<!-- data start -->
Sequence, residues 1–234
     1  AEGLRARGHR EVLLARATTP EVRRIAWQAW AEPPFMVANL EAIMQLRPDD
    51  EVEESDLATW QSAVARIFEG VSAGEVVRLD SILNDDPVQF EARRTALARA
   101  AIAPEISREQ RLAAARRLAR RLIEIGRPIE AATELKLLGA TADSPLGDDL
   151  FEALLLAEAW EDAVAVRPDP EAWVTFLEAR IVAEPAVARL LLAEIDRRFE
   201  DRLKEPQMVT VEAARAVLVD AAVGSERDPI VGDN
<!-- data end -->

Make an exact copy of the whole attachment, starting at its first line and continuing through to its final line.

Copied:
Sequence, residues 1–234
     1  AEGLRARGHR EVLLARATTP EVRRIAWQAW AEPPFMVANL EAIMQLRPDD
    51  EVEESDLATW QSAVARIFEG VSAGEVVRLD SILNDDPVQF EARRTALARA
   101  AIAPEISREQ RLAAARRLAR RLIEIGRPIE AATELKLLGA TADSPLGDDL
   151  FEALLLAEAW EDAVAVRPDP EAWVTFLEAR IVAEPAVARL LLAEIDRRFE
   201  DRLKEPQMVT VEAARAVLVD AAVGSERDPI VGDN